There remains huge heterogeneity in energy usage across industries although there is also some convergence across industries. Textiles, paper and paper products, basic metals, and non-metallic mineral products display the largest consumption of energy per unit output. Industries that display lowest usage include tobacco products and office, accounting and computing machinery. Differences in usage levels partly reflect the nature of industrial production processes and chosen scale that makes some industries generally more electricity intensive than others. The convergence in energy efficiency at the industry level are as high as the convergence in energy efficiency at the state level. This convergence is as much through growth in consumption levels for some industries (e.g., office, accounting and computing machinery) than declines in other industries (e.g., textiles).
Most reductions in energy usage have come from lower usage in existing sites of activity. The second biggest factor is the lower usage levels among fast-growing sectors. By contrast, spatial movements of manufacturing activity across India did not significantly reduce electricity consumption per unit of output and may have even increased it.
What can India do?
India faces multiple challenges. The green growth agenda may need to extend beyond urban areas and also include rural areas. Lack of access to energy and unreliable energy supply forces firms to invest in self-generation capacity at the expense of more productive capital, outsource part of the production process, or expand firm size.
Although the installed capacity of India’s power system is the fifth-largest system in the world (after China, the US, Japan, and Russia), it is still insufficient to meet India’s rapidly increasing demand. Electricity consumption in India is only around 566 KWh per capita, compared to the world average of 2,782 KWh per capita. India is still home to more than 250 million people who have no access to electricity. Electricity shortages are frequent in India and are estimated to cost the country around 7% of GDP. Since electricity is an essential input in growth, about 35% of manufacturing plants in India insure themselves against outages by self-generating or otherwise substituting away from grid electricity. So policymakers need to review the incentives and regulations that govern self-production of electricity, when unreliable energy supply forces firms to invest in self-generation capacity at the expense of more productive capital, outsource part of the production process, or expand firm size.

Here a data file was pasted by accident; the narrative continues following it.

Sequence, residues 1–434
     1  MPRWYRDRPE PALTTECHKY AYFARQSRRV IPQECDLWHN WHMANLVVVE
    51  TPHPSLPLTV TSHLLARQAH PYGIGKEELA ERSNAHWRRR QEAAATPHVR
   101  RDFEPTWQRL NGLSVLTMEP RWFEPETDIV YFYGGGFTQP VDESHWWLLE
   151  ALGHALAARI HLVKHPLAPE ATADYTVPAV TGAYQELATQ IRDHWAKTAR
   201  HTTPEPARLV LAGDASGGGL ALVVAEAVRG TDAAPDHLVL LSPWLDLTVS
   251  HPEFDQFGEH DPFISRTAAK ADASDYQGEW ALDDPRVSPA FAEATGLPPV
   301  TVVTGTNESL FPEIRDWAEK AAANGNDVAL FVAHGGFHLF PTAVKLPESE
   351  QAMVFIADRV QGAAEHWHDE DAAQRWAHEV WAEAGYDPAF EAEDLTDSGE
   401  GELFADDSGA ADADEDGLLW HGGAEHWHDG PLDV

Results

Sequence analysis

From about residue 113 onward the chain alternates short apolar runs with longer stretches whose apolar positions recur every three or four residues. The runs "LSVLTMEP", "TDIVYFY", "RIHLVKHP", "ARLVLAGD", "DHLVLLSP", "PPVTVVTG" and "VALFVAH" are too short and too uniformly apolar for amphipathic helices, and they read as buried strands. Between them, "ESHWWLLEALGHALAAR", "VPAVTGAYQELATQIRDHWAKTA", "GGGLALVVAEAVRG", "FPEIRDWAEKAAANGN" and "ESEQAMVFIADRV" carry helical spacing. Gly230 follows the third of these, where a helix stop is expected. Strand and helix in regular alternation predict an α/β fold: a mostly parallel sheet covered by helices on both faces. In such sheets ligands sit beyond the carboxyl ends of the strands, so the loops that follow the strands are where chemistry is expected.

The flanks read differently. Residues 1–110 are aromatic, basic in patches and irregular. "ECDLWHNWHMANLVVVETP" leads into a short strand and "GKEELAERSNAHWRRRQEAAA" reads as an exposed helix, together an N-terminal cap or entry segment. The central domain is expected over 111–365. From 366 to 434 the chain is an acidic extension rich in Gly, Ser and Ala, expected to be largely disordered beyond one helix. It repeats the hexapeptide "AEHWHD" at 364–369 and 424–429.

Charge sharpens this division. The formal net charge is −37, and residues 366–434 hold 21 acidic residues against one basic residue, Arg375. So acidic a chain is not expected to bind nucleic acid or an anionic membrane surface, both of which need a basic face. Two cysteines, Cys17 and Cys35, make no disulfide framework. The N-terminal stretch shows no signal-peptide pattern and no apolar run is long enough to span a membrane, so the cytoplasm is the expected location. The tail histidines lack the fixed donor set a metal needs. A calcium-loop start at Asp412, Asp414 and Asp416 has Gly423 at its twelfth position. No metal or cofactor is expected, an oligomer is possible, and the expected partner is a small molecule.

As the fourth greatest energy consumer in the world, how India manages industrialization and urbanization process has huge environmental implications. Policymakers need to move on three fronts to reduce greenhouse gas emissions. First, increase energy efficiency. Second, improve access to technology. Third, promote renewable fuel. India is promoting greater use of renewable in the energy mix mainly through solar and wind and at the same time shifting towards supercritical technologies for coal-based power plants. Efforts are also being made to improve energy efficiency through various innovative policy measures under the overall ambit of Energy Conservation Act 2001.
Ejaz Ghani is lead economist at the World Bank.